• Build relationships. Make an effort to build relationships throughout the department. Increasing your likability factor can go a very long way in repairing your work reputation. People are more apt to forgive if they genuinely like someone. Schmoozing is not the goal since people will see it as a superficial attempt at being liked. Just be courteous and treat others how you would want them to treat your loved ones.
  • Arrive early. Nothing says ‘I don’t care’ as much as arriving one minute before your shift begins. In the military you are considered late if you aren’t at least 15 minutes early, so make that your goal and get to work at least 15 minutes early every single day.
  • Be a great team player. Like it or not, we rely on others to get the job done. Every spoke in the wheel is essential. No matter how much of a hot shot you are, you are still just one spoke among lots of other spokes. Recognize how important teamwork is and strive to be the poster child for team players.
  • Be enthusiastic. Enthusiasm is contagious. Arriving to work with energy and a smile on your face will have a positive impact on your own psyche as well as those around you.
  • Know your job really well. Have you ever worked with a twenty-year officer and were appalled at how little he or she knew about law or policy? What did it tell you? It probably told you that the officer held little regard for their job. Do the opposite of that and others will see you as someone who has a high regard for their job.
  • Work, work, work. Whatever area you are assigned, go above and beyond. For instance, if you are a patrol officer, be highly proactive. If you are a detective, clear those cases with sound investigation. If you are a supervisor, your evaluations, supervisory skills, inspections, and monthly reports should be stellar. You get the idea – just work.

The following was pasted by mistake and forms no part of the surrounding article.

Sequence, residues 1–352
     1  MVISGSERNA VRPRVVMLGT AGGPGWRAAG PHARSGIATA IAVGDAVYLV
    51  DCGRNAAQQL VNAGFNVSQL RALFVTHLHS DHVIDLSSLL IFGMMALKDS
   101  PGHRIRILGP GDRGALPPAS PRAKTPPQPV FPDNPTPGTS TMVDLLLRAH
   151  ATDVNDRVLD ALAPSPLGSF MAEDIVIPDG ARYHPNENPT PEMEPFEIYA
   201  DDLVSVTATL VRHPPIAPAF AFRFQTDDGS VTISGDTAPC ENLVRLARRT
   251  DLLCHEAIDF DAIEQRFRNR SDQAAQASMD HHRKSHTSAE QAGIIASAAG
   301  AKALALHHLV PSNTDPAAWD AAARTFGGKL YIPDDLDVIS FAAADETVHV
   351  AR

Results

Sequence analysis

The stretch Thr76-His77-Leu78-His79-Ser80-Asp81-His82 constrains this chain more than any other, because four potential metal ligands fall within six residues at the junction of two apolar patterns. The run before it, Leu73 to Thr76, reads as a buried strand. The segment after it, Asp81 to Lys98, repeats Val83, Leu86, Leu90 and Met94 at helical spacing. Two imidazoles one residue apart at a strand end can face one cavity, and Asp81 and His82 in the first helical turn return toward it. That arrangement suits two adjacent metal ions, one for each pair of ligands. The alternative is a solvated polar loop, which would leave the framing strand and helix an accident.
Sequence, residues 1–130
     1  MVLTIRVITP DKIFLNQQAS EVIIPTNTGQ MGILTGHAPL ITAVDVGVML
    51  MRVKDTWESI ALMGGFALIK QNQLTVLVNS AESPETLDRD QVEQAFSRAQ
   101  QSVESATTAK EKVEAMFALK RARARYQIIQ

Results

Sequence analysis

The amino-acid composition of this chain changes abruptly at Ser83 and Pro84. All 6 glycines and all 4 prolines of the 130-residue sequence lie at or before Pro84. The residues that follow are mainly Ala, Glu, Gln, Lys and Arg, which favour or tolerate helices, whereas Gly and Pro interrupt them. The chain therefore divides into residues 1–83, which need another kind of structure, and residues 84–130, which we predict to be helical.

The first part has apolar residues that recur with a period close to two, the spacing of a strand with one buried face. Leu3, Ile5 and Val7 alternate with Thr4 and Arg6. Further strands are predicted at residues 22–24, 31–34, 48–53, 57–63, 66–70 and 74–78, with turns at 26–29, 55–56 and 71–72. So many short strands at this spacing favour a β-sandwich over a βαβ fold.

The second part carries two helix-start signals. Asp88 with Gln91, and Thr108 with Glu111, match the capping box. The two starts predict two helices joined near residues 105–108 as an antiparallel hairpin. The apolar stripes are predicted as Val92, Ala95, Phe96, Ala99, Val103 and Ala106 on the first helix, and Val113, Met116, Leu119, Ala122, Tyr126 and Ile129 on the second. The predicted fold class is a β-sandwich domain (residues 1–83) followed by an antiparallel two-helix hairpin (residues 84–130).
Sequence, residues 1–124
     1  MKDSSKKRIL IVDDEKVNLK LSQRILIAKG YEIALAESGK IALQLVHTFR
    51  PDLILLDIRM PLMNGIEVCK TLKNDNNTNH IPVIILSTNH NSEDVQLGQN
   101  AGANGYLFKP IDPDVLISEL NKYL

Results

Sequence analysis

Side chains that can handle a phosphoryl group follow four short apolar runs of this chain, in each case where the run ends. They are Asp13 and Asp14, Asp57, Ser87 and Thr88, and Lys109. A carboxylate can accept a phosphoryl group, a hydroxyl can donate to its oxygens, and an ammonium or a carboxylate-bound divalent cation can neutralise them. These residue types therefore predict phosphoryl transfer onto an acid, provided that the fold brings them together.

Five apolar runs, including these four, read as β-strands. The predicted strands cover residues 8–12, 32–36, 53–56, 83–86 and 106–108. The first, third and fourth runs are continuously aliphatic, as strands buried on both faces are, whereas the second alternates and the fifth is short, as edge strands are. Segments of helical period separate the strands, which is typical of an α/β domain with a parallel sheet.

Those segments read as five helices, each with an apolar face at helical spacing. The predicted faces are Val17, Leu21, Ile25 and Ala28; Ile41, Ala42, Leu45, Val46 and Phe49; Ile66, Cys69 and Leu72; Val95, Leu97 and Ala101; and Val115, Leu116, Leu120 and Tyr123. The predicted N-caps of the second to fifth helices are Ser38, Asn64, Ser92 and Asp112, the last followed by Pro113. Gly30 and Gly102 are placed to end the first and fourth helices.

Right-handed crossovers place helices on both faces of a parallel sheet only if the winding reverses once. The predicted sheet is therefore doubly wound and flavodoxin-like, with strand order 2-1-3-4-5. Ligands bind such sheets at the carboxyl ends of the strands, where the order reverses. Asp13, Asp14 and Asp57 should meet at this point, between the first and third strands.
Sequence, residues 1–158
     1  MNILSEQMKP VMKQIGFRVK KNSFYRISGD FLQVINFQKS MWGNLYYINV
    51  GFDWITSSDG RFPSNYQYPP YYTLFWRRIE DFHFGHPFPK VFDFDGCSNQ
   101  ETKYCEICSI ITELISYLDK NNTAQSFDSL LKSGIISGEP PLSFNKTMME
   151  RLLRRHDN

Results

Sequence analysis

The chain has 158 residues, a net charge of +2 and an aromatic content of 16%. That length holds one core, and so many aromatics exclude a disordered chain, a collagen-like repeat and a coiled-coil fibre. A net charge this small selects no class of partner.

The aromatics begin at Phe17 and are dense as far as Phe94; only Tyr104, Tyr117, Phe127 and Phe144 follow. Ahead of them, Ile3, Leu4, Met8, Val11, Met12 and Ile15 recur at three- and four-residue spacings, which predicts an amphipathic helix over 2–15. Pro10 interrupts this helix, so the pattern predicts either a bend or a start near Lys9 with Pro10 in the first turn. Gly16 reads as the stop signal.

Step 4: The maintenance stage – ensure that all your hard work is not for naught.

Now that you’ve made the necessary changes to get your career back on track, it is equally important to keep that positive momentum going:

  • Maintain the improvements. We’ve all known people who make a decision to make an improvement in their life; lose weight, quit smoking, etc. They maintain it for a short while; people are nodding and applauding, and then they fizzle out. Do this enough times and people won’t care if you make a commitment to improve because they know you won’t stick to it. Honor your commitment to improve and stick with it.
  • Be patient. The process of mending your career will not happen overnight. In fact, it’s a rather lengthy process to win back the trust and confidence you have lost. But, if you are dedicated to this process, it will work.
  • Absolutely never mess up again due to your own negligence. We all know about the angry spouse that brings up something from years ago. The same will happen if you allow yourself to slip up. The years of progress can be wiped away in one swoop.

Be yourself, but be the best you all the time. Remind yourself why it is important to you – money, career, reputation, happiness, financial stability. Write it down and post it in a conspicuous area, if that helps. Don’t get discouraged. Believe in yourself and your ability to mend your career. You have the power and control to turn it around – all it takes is a commitment from you.

This article, originally published June 14, 2016, has been updated

Laura Samples has more than 20 years of law enforcement experience. She previously served as a police lieutenant in Texas. She is a graduate of the Leadership Command College from LEMIT at Sam Houston State University, a graduate of the Denver Paralegal Institute, and has earned a Bachelor’s Degree in Criminal Justice and a Master’s Degree in Human Resource Management, from Fort Hays State University. She is also a veteran of the U.S. Army where she served as a Military Police Officer in both Desert Shield and Desert Storm.